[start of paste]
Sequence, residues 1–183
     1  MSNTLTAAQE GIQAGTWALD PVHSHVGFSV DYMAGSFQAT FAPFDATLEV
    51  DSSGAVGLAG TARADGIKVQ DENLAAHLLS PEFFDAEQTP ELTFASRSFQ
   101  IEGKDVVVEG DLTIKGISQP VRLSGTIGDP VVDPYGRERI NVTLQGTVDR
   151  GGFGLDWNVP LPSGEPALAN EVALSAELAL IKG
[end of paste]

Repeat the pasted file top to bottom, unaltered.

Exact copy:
Sequence, residues 1–183
     1  MSNTLTAAQE GIQAGTWALD PVHSHVGFSV DYMAGSFQAT FAPFDATLEV
    51  DSSGAVGLAG TARADGIKVQ DENLAAHLLS PEFFDAEQTP ELTFASRSFQ
   101  IEGKDVVVEG DLTIKGISQP VRLSGTIGDP VVDPYGRERI NVTLQGTVDR
   151  GGFGLDWNVP LPSGEPALAN EVALSAELAL IKG